Dolven - Industrial Revolution Historical Analysis

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Picture a day where the sun penetrates the atmosphere with a relentless heat, the kind of heat that will cook an egg on your driveway. Now picture this uncomfortably warm circumstance without a fan and a cold water by your side. Welcome to the world before the industrial revolution. While today we live on the effects of industrial revolution, we should come to understand how in the time of its occurrence it accommodated a series of problems, progressions and most deceivingly, promises.

Leading the charge upon the dawn of this revolution was the small island with a big name, Great Britain. Actually this "dawn" or prelude to the industrial revolution is known as the second agricultural revolution. To kick it off, there was a man by the name of Jethro Tull who invented the seed drill in 1701, allowing the planting of crops to occur exponentially faster than ever before. This was followed shortly after by the enclosure movement which sectioned off the many farms of England, allowing for another leap in efficiency introduced by Charles Townshend (in 1730) as the 4 crop rotation method. This efficiency did not arrive without a price however and with new technology, many farmers were no longer needed to work and even lost their land. The subsequent population boom and abundance of food as a result of second agricultural revolution caused crowding, yet still held an unspoken promise to let no man go hungry.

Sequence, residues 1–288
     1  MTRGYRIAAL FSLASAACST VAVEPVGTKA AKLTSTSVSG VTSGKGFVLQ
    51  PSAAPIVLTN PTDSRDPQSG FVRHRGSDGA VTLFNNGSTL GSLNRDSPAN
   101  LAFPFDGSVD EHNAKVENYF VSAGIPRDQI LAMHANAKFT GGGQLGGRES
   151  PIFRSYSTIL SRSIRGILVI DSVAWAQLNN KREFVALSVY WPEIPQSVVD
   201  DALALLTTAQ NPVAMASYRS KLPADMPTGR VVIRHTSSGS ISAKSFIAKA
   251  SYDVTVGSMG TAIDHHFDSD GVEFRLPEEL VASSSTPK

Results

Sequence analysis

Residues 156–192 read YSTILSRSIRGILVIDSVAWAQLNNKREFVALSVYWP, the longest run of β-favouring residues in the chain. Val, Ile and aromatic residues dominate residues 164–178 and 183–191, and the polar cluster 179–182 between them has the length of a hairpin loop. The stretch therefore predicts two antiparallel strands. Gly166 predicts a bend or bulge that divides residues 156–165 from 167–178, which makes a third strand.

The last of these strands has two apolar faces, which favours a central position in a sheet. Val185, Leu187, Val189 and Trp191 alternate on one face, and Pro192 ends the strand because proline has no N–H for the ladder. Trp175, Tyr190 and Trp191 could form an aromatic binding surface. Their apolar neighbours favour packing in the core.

There is a certain vapor that is considered the icon of the industrial revolution, as it billowed out the tops of locomotives. Steam power, while seen commonly on trains, was also the power behind many industrial factories. Before mainstream steam engines, a factory was quite possible (as shown by Richard Arkwright's f...

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...y, advanced factory technology promised worldwide industrialization, and rapid transportation promised a global conversation of ideas. There are even more promises attached with these ideas, some of which are still relevant to this day, and others that have been left broken. As the civilization around us progresses, we can look at our accomplishments and setbacks with interest, but it is the promise that keeps us looking forward to the next great thing. The industrial revolution as a whole, in broad terms, progressed global economics, reduced quality of working conditions, and promised greatness through capitalism.

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